Management and Nursing: Students explore problem-solving and ethical decision-making models used to improve productivity and performance in the healthcare environment.

The first course for all RN to BSN students is Professional Nursing Concepts, where they learn about national standards for baccalaureate education in nursing. The final course in the program allows students to synthesize everything they have learned and apply it toward a quality improvement topic, typically related to where they work. The students develop evidence-based strategies that support a change from current practice.

Courses are taught by nursing leaders with decades of experience in nursing leadership, economics, and policy. “You are learning from someone who has walked the walk,” Hughes said.

Features of the program include:

  • 100% online
  • Full-time and part-time options
  • Students can choose how fast they earn their degree – 3, 5, or 8 semesters
  • All classes except for Population Health-Clinicals are offered in 7-week sessions
  • Tutorials and resources are provided to support student success
  • Curriculum heavily based on input from community healthcare partners
  • Minimal textbooks to help reduce costs

Clinicals in an Online RN to BSN Program

Hughes said one of the topics prospective students ask about the most are clinicals and how working nurses accomplish them in an online program. In the Marian University online RN to BSN program, nurses complete clinicals as part of a 15-week course in which they concurrently study Population Health.

Hughes explained that the length of the course allows students “ample time to complete the clinical portion of the course and synthesize all you learn through the program.”

Clinicals are done in the student’s local community. A clinical placement coordinator at Marian University works with students to find a place to perform their clinical work.

“You don’t have to be here in Fond du Lac, Wisconsin, where we physically are,” said Hughes. “You can be in Wisconsin, outside of Wisconsin. We will work with you to find a place to connect with.” Options can include local health departments, schools, nonprofit organizations, community-based management, occupational health nursing, or even the student’s current workplace if it has a population health component.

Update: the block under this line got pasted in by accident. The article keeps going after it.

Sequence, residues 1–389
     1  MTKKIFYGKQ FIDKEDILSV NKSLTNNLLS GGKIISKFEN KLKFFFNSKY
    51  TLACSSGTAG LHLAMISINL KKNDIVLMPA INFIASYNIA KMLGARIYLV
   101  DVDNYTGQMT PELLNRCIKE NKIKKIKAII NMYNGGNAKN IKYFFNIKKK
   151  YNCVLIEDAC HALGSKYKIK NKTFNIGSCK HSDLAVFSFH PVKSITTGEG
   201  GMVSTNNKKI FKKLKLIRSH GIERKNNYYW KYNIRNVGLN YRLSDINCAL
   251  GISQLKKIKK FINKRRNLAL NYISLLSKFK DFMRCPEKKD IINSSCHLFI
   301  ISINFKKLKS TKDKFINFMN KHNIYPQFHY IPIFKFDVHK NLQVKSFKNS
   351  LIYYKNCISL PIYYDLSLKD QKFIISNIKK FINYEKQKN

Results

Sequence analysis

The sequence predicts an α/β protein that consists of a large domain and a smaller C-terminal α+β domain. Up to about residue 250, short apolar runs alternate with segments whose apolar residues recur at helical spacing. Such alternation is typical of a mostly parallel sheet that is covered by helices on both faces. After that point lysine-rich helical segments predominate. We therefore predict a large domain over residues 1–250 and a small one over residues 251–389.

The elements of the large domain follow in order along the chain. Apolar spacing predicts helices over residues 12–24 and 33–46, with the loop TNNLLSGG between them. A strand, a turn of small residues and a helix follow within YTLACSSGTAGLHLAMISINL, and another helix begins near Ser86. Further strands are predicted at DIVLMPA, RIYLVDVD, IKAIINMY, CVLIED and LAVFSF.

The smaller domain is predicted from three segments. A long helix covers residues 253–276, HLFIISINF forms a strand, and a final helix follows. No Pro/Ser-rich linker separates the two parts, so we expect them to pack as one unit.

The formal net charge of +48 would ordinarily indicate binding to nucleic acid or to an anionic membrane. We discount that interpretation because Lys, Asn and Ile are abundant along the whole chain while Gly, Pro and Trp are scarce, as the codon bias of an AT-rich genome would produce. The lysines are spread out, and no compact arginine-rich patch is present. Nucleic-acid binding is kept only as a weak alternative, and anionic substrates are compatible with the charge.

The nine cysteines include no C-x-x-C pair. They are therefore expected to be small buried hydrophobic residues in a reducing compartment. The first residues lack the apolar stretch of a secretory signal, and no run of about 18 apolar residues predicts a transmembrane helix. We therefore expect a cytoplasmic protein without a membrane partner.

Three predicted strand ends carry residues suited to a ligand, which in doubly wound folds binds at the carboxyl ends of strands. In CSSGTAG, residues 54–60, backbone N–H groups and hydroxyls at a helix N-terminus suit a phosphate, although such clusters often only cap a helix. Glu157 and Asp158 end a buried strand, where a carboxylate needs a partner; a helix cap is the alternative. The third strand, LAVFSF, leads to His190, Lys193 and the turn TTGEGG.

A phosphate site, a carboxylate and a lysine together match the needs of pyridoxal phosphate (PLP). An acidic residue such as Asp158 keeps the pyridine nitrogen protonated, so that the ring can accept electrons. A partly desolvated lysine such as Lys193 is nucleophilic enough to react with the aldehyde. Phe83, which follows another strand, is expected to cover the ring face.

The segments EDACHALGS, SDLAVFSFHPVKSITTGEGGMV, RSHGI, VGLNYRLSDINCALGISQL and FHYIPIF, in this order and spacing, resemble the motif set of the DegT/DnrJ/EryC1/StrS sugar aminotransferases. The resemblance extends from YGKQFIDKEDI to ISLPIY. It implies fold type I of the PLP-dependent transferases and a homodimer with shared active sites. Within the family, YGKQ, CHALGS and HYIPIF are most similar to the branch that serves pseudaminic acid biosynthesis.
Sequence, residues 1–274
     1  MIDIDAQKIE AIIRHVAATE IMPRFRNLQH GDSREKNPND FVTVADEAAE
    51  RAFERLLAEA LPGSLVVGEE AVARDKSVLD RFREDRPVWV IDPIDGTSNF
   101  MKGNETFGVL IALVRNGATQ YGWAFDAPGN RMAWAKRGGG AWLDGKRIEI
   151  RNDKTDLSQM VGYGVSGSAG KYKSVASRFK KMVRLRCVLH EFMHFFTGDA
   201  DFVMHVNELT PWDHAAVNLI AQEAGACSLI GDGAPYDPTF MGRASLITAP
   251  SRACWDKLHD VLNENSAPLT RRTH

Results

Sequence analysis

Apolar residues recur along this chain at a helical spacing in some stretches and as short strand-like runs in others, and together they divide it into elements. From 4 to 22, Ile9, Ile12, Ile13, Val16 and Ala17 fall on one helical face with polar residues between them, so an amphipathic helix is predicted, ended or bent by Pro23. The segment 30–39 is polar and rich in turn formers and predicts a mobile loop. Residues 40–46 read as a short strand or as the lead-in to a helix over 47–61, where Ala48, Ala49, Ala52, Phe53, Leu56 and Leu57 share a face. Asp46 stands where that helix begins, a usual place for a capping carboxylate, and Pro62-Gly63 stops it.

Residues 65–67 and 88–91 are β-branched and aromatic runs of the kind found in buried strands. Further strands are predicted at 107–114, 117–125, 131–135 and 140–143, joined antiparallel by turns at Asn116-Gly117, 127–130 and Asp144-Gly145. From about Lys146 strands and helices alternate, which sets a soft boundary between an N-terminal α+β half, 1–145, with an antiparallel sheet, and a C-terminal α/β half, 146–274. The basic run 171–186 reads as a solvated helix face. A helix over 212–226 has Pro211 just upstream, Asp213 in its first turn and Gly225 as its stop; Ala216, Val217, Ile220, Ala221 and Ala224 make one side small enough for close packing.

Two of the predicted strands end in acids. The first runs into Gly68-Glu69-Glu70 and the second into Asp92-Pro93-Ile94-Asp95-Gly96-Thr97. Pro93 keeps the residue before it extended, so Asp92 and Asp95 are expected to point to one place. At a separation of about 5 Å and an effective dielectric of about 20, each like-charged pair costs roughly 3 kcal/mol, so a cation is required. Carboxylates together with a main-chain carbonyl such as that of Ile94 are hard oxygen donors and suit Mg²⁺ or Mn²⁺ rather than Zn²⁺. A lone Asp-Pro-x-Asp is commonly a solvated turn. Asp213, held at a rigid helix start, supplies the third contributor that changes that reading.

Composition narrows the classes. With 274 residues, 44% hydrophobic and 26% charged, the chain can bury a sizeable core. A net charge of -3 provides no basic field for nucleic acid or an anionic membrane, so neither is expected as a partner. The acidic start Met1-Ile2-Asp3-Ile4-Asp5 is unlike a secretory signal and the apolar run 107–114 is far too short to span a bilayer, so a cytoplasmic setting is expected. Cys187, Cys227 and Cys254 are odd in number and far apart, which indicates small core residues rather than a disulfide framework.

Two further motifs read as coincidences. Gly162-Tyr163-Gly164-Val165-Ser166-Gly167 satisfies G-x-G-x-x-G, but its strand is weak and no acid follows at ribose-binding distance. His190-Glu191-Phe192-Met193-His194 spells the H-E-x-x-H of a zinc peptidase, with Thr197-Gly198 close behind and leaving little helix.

BSN students complete  90 hours of clinical, including onsite and online experiences. Students complete about half their hours at the clinical agency and half online. Online clinical activities include additional discussion forums reflecting on the student’s clinical experience and projects.

Why Marian University for an Online RN to BSN?

Rose Adelbush, who earned her BSN from Marian and is currently pursuing a master’s degree, said she “truly loved” her experience earning a BSN from Marian University. A traveling nurse, Adelbush said the online program met her needs of finding a quality program that gave her flexibility and control over when she did classwork.

“I’m so excited I ended up at Marian,” she said. “For me, getting my bachelor’s degree made by opportunities nationally just kind of endless. That’s what I really liked the most about getting this degree.”

She said she also enjoyed that Marian is a small school where she got to know her professors and felt comfortable asking questions. She said clinicals were not difficult to accomplish, even though she was working in rural Alaska at the time. “It was very easy to accomplish, very easy to do while working full-time. Just a really great experience,” she said.

A Wisconsin native, Adelbush also said she knew about Marian’s reputation for offering a high-quality education. In her remarks, Dr. Udlis also touched on that topic.

“Marian has a very strong history in educating nurses dating back to 1964 when the first BSN program was started. The first RN to BSN program started in 1980,” she said. “For over 40 years, Marian has been helping nurses achieve their academic goals with the RN to BSN program.”

Watch the full webinar here: